A Lévy measure $\nu$ on $\mathbb R^{d}$ is a measure satisfying $$\nu\{0\} = 0, \ \int_{\mathbb R^{d}} (|y|^{2}\wedge 1) \nu(dy) <\infty.$$

A Lévy process can be characterized by triples $(b, A, \nu)$ by Lévy-Itô decomposition, then $$X_{t} = bt + W_{A}(t) + \int_{B_{1}} x \tilde N(t, dx) + \int_{B_{1}^{c}} x N(t, dx)$$ where $N(t, B)$ is a Poisson measure with $\mathbb E N(1, B) = \nu(B)$ for a set $B$ bounded below, and $\tilde N(t, dx) = N(t, dx) - t \nu(dx)$ is its compensated one.

[Q.] If $(0, 0, \nu)$ is a triplet of a Lévy process $X$ whose first moment is finite, is the following always true? $$ \lim_{r\to 0^{+}}\int_{B_{1}\setminus B_{r}^{c}} x \nu(dx) < \infty.$$ Moreover, if $\nu(B_1^c) = 0$, then $$\mathbb E X_1 = \lim_{r\to 0^{+}}\int_{B_{1}\setminus B_{r}^{c}} x \nu(dx).$$ END.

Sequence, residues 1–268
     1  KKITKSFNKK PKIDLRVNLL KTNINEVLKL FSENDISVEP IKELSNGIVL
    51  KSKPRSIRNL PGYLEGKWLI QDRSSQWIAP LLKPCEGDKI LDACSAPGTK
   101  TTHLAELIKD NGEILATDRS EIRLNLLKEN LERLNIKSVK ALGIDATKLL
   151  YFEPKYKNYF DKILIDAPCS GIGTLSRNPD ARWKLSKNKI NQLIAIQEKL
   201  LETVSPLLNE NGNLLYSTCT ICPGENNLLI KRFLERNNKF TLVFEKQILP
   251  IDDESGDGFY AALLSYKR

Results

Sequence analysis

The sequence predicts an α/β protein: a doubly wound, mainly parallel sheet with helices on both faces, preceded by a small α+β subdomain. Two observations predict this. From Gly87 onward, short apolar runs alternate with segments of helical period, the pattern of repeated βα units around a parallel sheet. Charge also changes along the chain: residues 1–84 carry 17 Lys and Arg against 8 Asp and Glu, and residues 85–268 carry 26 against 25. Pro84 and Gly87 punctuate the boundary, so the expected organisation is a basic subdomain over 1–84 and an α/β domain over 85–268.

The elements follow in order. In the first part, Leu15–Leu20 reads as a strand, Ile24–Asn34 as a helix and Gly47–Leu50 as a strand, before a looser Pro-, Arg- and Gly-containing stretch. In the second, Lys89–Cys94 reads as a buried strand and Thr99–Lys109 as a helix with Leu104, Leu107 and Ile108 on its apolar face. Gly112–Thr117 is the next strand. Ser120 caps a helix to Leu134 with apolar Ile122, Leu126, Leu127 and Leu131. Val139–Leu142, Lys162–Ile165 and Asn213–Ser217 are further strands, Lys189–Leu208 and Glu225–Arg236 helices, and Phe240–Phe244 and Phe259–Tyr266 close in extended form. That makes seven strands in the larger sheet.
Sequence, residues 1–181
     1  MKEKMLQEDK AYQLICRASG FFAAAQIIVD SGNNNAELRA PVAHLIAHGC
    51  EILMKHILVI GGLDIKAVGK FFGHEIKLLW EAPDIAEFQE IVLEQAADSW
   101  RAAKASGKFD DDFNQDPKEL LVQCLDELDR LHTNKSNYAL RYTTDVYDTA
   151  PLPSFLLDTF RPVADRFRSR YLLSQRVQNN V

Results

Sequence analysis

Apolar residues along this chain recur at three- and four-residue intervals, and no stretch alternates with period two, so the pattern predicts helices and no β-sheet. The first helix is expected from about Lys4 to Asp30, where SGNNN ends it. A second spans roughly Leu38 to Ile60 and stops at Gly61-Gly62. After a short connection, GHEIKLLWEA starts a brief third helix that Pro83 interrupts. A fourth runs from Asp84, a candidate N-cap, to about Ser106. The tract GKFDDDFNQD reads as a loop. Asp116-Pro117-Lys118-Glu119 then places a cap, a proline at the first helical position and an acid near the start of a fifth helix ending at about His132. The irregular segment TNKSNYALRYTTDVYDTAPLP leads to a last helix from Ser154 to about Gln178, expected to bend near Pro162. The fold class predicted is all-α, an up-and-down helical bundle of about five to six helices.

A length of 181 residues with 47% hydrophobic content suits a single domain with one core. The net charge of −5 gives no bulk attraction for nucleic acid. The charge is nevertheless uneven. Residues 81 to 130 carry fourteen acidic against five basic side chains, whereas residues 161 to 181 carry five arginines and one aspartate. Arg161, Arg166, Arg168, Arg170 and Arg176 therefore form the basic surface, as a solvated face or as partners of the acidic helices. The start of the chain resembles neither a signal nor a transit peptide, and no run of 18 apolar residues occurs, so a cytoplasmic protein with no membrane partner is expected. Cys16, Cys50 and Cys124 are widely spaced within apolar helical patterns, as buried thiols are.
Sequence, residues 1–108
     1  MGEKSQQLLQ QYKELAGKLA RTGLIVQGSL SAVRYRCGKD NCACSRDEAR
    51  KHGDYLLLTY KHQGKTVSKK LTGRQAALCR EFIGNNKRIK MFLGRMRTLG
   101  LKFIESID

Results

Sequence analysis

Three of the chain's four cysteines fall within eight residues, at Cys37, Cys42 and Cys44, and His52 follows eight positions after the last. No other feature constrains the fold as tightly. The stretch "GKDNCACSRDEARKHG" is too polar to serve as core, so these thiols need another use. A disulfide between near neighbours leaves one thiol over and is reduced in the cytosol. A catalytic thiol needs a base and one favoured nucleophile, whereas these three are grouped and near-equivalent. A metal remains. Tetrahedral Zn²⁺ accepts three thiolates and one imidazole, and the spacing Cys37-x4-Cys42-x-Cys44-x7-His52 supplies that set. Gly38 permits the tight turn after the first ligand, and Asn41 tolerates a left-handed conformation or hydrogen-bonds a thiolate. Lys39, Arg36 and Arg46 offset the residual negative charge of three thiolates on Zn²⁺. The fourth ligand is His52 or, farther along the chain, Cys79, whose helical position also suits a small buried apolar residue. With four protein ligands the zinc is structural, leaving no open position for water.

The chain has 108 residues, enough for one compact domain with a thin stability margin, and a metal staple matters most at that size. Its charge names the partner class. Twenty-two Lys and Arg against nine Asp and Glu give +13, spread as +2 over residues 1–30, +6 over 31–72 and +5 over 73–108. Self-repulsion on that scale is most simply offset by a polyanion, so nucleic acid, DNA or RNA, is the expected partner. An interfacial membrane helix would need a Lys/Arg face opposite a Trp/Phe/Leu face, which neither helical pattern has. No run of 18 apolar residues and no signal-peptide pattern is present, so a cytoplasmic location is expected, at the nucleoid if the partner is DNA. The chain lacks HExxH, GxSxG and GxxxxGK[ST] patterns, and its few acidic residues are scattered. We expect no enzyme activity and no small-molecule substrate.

Remark: If $\nu(dx) = x^{-2} dx$, then it corresponds to 1-stable process, and $ \lim_{r\to 0^{+}}\int_{B_{1}\setminus B_{r}^{c}} x \nu(dx) = 0$, while $ \int_{B_{1}} x \nu(dx) $ is not well-defined. [Q1.] Is there always a Lévy process corresponding to $(0, 0, \nu)$ for an arbitrary Lévy measure $\nu$?

Remark: Consider $\nu(dx) = x^{-2} I(x>0) dx$, it is a Lévy measure. But if there was an associated process $X_{t}$, then $\mathbb E[X_{1}] = \int_{0}^{\infty} x \nu(dx) = \infty$.